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Visual Studio c++ 2005

I am getting an error on the last line of this code.

int Utils::GetLengthDiff ( const char * input, int & num_subst ) 
{
    int num_wide = 0, diff = 0 ; 
    const char * start_ptr = input ; 

    num_subst = 0 ; 
    while ( ( start_ptr = strstr ( start_ptr, enc_start ) ) != NULL ) 
    {
        char * end_ptr = strstr ( start_ptr, enc_end ); // Error

So I changed the line to this and it worked ok

const char * end_ptr = strstr ( start_ptr, enc_end ); 

So why would I need to declare end_ptr as a const as well?

Many thanks,

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3 Answers 3

up vote 13 down vote accepted

C++ has two overloaded versions of this function. http://www.cplusplus.com/reference/clibrary/cstring/strstr/

const char * strstr ( const char * str1, const char * str2 );
      char * strstr (       char * str1, const char * str2 );

Since your start_ptr is const char * the C++ compiler resolves to call the version that takes a const char * as the first parameter, that version also returns a const char *, so you have to change your return value to match.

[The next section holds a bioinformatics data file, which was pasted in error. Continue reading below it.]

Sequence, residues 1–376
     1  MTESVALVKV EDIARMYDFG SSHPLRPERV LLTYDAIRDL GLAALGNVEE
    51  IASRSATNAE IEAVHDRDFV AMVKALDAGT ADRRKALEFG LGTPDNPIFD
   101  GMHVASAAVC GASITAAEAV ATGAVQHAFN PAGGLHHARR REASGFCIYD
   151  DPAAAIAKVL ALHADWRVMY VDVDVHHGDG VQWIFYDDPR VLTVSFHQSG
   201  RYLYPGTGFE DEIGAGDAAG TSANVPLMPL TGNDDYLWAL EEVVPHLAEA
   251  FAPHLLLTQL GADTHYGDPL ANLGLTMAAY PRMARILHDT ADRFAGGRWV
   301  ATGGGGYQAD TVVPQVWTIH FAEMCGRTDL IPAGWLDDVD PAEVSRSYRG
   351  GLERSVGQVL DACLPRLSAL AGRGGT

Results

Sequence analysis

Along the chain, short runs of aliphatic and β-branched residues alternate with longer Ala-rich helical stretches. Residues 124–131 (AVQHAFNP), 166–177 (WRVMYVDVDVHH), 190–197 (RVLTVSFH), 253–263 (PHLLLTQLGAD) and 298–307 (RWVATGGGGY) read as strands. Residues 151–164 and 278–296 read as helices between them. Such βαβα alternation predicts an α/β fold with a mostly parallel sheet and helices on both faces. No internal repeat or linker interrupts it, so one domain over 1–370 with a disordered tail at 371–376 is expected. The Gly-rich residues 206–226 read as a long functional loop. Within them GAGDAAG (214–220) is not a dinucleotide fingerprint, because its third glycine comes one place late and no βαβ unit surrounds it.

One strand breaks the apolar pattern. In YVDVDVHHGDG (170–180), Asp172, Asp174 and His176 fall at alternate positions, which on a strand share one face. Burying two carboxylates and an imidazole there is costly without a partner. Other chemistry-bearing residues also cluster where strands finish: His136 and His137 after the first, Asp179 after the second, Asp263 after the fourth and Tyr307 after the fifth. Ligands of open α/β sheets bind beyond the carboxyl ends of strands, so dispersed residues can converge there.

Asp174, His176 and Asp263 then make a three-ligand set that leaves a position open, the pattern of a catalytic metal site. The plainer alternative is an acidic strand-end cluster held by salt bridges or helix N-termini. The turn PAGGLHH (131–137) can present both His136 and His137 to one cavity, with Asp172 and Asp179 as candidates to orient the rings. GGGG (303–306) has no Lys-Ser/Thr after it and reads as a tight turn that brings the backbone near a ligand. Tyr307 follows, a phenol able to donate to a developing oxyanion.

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So why would I need to declare end_ptr as a const as well?

For the same reason that start_ptr needs to be const char*: strstr returns the type const char* (= char const*) because it searches inside a constant string (the parameter you pass to strstr is also const char*). In particular, it’s not the pointer that is const, it’s the memory it points to. Think of it as a pointer to an immutable (i.e. constant) string. You can change what it points to but not the individual characters inside the string.

This is different from an unchangeable pointer which points to a mutable string, i.e. a string where you can change individual characters.

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Suppose that the return value from strstr were char*, with a const char* first parameter, as it is in C. Then you could write:

const char *s = "hello, world";
strstr(s, "hello")[0] = 'j';

The code would compile and run (with undefined behavior), but it's the kind of error which const was specifically designed to avoid. You've converted a const char* to char* without a cast.

C can't really do anything about it: if strstr returned const char* then you'd have to cast back to non-const explicitly in the case where the input is non-const and you want to modify the string. Because C++ has function overloading it can (and does) plug the loophole and make both cases work correctly. Hence in C++, the above code fails to compile, and so does your example code.

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